As this agreement is currently only being very quietly discussed between the US and EU, it seems that we have dodged a bullet by voting to leave. However, it is likely that TTIP will be a condition of any future trade deals between the UK and NAFTA, especially since our government is so on-board with the idea.
Option 3: The BRICS bloc
(Brazil, Russia, India, China and South Africa)
The BRICS are characterised by being BIG. Big in size, big in natural resources and big in young populations full of people wanting to work and travel. It’s no secret that this collection of nations isn’t exactly viewed as the first choice for trade agreements by many Western countries. Indeed, Russia had diplomatic sanctions imposed on it by the EU following its annexation of the Crimea. China has a questionable human rights record, and Brazil’s desperate scramble to prepare for the Olympics has thrown light on a nation with weak infrastructure and a faltering economy.
These uncertainties partly explain why the BRICS bloc is less competitive than other trading blocs and, although large companies benefit from this, small and medium-sized enterprises (SMEs) in the UK are far from making significant progress with them. Since 2013, the UK has more than doubled its exports to these countries, but there is still a legacy of British reliance on western demand when it comes to trade, and so George Osborne’s attempts to negotiate further trade have come under intense scrutiny.
Since the referendum, India has jumped straight in and is very much looking forward to striking a trade deal with the UK. Our former colony has a very positive outlook on Brexit, with Jayant Sinha, India’s deputy finance minister, claiming that ‘the UK will look to build its relationships with the rest of the world, and will seek to pursue new opportunities with India”.
This is a group of countries which may offer fantastic future opportunities for more trade agreements. However, the diplomatic ties that many countries in the West hold with this bloc will likely need to improve before they can be considered in the same league as the EU for trade negotiations. Nevertheless, it is likely that other countries will confirm their interest in trade deals with the UK in the coming weeks, with all eyes on Russia and China; more on South Africa a little later…
Option 4: Australia and New Zealand
Since the news broke that the Brits had opted to Brexit, Australia and New Zealand quickly teamed up to negotiate new trade and immigration deals with the UK as soon as possible. Our ex-colonial friends have long been trying to find a way to trade more successfully with the EU, but the UK’s withdrawal makes any such agreement a bit less attractive.
The UK has long been a significant trade partner for Australia as it provides a services-based relationship worth around £5billion. It is widely acknowledged that when the UK joined the EEC in 1973, trade with New Zealand took a hit. Having once imported a little under 80% of our dairy and meat products from NZ, the UK (like all other EEC members) rapidly became flooded with European goods, leaving little room for imports from outside the bloc.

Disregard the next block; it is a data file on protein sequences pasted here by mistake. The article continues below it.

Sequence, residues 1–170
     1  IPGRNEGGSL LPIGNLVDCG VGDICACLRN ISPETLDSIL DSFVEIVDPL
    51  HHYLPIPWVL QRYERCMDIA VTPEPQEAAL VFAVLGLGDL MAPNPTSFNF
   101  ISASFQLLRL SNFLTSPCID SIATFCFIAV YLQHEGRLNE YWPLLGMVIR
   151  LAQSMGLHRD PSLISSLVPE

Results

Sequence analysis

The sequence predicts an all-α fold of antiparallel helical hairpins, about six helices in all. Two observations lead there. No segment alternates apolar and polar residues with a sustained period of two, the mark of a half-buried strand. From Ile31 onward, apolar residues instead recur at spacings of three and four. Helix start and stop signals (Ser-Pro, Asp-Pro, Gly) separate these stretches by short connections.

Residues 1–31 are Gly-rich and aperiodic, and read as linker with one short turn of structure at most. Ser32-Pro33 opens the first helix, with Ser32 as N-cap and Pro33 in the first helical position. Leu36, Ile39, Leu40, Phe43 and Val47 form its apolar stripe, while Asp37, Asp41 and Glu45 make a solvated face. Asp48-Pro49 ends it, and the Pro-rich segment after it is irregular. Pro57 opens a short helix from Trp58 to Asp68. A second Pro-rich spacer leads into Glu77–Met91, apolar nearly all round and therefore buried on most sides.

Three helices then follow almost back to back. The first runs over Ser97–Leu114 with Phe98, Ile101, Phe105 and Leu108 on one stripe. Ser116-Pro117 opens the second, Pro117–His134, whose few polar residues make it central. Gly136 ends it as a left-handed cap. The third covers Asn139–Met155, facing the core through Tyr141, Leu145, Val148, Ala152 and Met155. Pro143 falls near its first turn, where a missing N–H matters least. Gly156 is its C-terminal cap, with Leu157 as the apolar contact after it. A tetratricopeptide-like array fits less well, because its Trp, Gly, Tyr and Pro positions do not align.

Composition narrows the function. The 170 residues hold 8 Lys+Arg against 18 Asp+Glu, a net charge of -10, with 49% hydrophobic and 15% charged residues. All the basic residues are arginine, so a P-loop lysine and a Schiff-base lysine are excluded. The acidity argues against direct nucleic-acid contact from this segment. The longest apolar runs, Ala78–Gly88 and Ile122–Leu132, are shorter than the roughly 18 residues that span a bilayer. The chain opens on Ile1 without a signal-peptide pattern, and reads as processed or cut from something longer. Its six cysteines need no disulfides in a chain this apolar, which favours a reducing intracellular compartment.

We now only import around 20% of our meat and dairy goods from our cousins in New Zealand, and given the immense historical ties that we share with the ANZAC nations it makes sense to shore up agreements with these countries while they are open to it. These are important nations with which to secure trade deals, not only for their economic value, but for the social security of the millions of UK expats who are shared between them.
Option 5: Africa
Africa is still largely seen as the ‘final frontier’ for many multinational businesses, but more and more small and medium-sized enterprises (SMEs) are realising the huge potential that foreign investment and trade can have in this region. Historically, the African relationship with the EU has been one of forced trade and destructive agreements which have largely been blamed for the increase in poverty in many African countries.
In 2013, the UK made steps towards improving trade with Africa, with the aim of completing these improvements by 2016. The Government has so far pledged to invest £57.4 million to improve trading in Uganda and Kenya and modernise East Africa’s largest port in Mombasa. It has also promised to improve roads on a vital trade corridor between Uganda and Rwanda, and put further investment into female entrepreneurs across the region.
These initiatives do not require “EU funding” (i.e. pre-digested UK taxes) or legislation to support them. It seems logical that we take this to the next level now, and really open ourselves up to the wider continent, from Tunisia right the way down to South Africa. Ghana has already extended the UK an invitation for new trade negotiations, and it is possible that other countries will follow suit in the coming weeks.
This investment in the continent will allow many countries to continue producing crops and commodities more efficiently, and in turn give us more stable and rich economies with which to trade. Within Africa, South Africa is currently the largest recipient of UK exports, and the burgeoning middle class in this country is presenting many opportunities for UK SMEs to sell their goods. This is a growing trend in other markets, particularly Nigeria and Ethiopia which have seen dramatic growth over the past decade; now is a great time to get to know them better.
Far from the bleak picture painted during the referendum campaign, it seems that the UK actually has many options open to it at the moment. Whether we choose to negotiate a safe Norway-type model, or broaden our horizons to the BRICS, the coming months will no doubt show that we can be more outward looking than our European neighbours, and more creative in the way we form trade relationships with other nations. The important thing to note is that we are not limited to just one agreement. We now have an opportunity to make trade ties with many countries both inside and outside the EU. They are open to it – and we can be, too.